I have probably had some level of depression from about the age of ten when  I was referred to a child psychologist because I was a bit withdrawn. Yes, she was a Freudian, and no it had nothing to do with sex. She was not very helpful and the experience probably put me off seeking help later on.

My condition has varied over the years from perfectly functional to totally suicidal with elements of self harm. In spite of this I have been very successful in life by adopting a strategy where I choose work and social activities that suit my abilities at the time.  For example, I was at my most successful in business when my condition was at its worst because I did not care about my own well-being and working hard became a substitute for physical self harm. At other times I have chosen to pursue my music through recording rather than performing because I could not face an audience.

I can go several years without any depression at all and often it is not that severe. The severe episodes seem to be about ten years apart. I am very conscious of signs that I might be losing interest in things or taking less care of myself, as these are the early indicators of my depression.

Mental health problems and the church
I was first diagnosed properly with depression while living in Edinburgh. It was only after reading a book by Dorothy Rowe called Depression The way out of your Prison that I realised that I had a real, treatable condition that I could recover from. So I went to see my doctor, who actually uttered that classically unhelpful  line “pull yourself together”. I got no help at all, but I persisted and after moving house and changing doctor I did start to get some help in the way of medication and Cognitive Behavioural Therapy.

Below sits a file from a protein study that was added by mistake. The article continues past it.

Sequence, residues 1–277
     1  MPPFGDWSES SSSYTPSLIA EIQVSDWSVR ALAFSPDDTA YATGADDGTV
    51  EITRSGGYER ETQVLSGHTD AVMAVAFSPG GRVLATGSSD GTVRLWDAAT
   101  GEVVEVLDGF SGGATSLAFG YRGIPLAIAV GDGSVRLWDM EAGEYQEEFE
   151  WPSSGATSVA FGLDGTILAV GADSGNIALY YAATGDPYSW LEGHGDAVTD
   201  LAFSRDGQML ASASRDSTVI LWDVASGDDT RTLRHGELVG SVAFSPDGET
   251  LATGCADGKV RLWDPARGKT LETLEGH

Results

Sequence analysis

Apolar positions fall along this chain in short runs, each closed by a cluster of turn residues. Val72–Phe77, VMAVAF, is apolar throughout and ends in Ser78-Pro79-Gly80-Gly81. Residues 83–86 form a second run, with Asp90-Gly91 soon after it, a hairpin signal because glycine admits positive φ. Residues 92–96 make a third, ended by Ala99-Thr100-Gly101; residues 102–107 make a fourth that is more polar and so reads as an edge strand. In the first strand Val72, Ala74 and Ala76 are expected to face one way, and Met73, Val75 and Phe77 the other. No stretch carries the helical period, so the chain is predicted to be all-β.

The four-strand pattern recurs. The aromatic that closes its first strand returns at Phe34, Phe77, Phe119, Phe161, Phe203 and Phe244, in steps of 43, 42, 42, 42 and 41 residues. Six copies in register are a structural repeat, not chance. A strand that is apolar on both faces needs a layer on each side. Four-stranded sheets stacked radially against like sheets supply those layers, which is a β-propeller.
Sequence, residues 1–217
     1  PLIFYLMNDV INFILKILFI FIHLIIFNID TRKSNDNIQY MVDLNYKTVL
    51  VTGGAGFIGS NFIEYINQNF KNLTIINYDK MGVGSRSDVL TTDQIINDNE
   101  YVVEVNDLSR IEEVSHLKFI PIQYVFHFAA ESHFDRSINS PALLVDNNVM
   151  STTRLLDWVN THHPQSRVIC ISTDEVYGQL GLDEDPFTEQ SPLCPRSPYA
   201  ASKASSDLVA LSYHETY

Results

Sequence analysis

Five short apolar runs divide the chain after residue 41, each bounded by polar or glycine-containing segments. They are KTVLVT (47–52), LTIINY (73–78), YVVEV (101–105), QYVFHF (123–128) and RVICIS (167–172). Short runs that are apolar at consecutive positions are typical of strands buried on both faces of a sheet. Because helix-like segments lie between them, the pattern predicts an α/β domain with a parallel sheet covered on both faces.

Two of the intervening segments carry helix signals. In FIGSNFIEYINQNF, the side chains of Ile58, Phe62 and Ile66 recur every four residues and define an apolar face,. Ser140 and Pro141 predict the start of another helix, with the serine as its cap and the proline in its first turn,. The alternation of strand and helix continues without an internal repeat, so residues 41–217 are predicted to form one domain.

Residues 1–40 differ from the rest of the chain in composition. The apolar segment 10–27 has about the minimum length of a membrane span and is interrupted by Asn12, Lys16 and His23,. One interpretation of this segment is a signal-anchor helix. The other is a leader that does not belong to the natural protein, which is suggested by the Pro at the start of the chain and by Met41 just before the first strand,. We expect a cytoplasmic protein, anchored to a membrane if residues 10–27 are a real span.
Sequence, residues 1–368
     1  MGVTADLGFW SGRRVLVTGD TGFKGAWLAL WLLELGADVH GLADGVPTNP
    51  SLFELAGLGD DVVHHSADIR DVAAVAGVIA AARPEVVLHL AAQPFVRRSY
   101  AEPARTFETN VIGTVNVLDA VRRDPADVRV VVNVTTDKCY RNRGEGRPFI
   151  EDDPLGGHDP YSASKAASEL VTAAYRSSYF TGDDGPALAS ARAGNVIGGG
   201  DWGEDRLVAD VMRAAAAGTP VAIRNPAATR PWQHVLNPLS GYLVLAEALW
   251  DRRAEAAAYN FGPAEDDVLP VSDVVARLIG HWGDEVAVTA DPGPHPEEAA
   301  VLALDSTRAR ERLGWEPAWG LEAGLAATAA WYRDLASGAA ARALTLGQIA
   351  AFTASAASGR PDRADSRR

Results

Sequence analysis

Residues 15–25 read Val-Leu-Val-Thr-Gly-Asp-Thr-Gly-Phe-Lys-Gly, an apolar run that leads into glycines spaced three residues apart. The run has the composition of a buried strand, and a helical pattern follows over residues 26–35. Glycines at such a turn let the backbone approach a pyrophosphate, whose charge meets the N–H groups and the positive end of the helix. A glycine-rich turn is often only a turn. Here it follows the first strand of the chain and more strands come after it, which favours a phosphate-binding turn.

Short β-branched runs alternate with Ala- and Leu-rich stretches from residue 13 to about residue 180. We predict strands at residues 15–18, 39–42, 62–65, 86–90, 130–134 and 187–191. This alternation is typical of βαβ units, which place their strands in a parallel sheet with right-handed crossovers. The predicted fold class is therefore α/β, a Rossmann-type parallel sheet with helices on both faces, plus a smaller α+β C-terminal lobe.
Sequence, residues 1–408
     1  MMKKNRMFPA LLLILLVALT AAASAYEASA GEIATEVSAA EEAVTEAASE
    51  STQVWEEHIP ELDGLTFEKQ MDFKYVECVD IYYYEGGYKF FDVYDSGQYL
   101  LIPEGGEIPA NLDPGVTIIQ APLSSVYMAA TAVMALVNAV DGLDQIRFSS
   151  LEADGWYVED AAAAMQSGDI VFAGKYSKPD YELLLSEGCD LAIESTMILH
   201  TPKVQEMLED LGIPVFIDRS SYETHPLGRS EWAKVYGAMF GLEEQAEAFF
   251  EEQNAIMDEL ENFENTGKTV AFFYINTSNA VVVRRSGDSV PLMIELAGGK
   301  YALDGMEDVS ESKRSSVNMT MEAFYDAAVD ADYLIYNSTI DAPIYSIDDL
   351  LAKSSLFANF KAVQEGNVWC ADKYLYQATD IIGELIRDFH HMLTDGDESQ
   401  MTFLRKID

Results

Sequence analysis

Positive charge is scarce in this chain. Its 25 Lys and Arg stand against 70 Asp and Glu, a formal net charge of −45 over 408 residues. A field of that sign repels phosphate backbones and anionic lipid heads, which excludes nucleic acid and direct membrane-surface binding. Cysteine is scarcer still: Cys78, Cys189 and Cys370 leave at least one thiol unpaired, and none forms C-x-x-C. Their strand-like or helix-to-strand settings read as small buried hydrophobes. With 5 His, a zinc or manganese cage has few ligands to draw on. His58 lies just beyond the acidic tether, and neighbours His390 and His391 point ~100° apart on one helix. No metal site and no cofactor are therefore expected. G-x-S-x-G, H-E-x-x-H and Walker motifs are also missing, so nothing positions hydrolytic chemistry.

As a very keen Christian, attending an independent evangelical church, I felt very guilty about being depressed as it appeared to me as a great spiritual failure. The reason I thought like this about my brain chemistry when I wouldn’t have about an injured leg  is probably down to the bible itself where people with symptoms of mental health problems are quite literally demonised, but I digress. As a Christian I thought that the church might be part of my recovery so I went to see my minister, told him that I was being treated for depression and that I really needing to feel involved with other people as part of my recovery. I had become quite distant from things and a bit unwilling to mix with people so I hoped he might be able to help me get more involved again. Instead of this, he told me that I must have no contact with anyone else in the church in case they caught the depression from me. I was permitted to come into the church service and sit at the back, but that was as far as it was to go. I was not to mix with anyone else socially until I was well again.

As it turned out, this sort of attitude is not unique amongst ministers, and undoubtedly this type of treatment has led to me being iller for longer during my lifetime.

After moving house and changing church to a Baptist church the new minister’s preaching was very  much of the “you must try harder” variety which made me feel really guilty as I was already running at full capacity just trying to function as a human being. He only had one sermon regardless of the text which was “look at what God has done for you, so how much are you going to do in return”. For a long time I thought I might have misinterpreted what he was saying due to the poor reasoning caused by my depression, but I met someone recently who had attended the same church shortly after I stopped going. He mentioned the same thing with no prompting from me so it seems that my understanding of what the minister was saying was correct.

Sad to say, if I had stayed away from that church I would have got better quicker.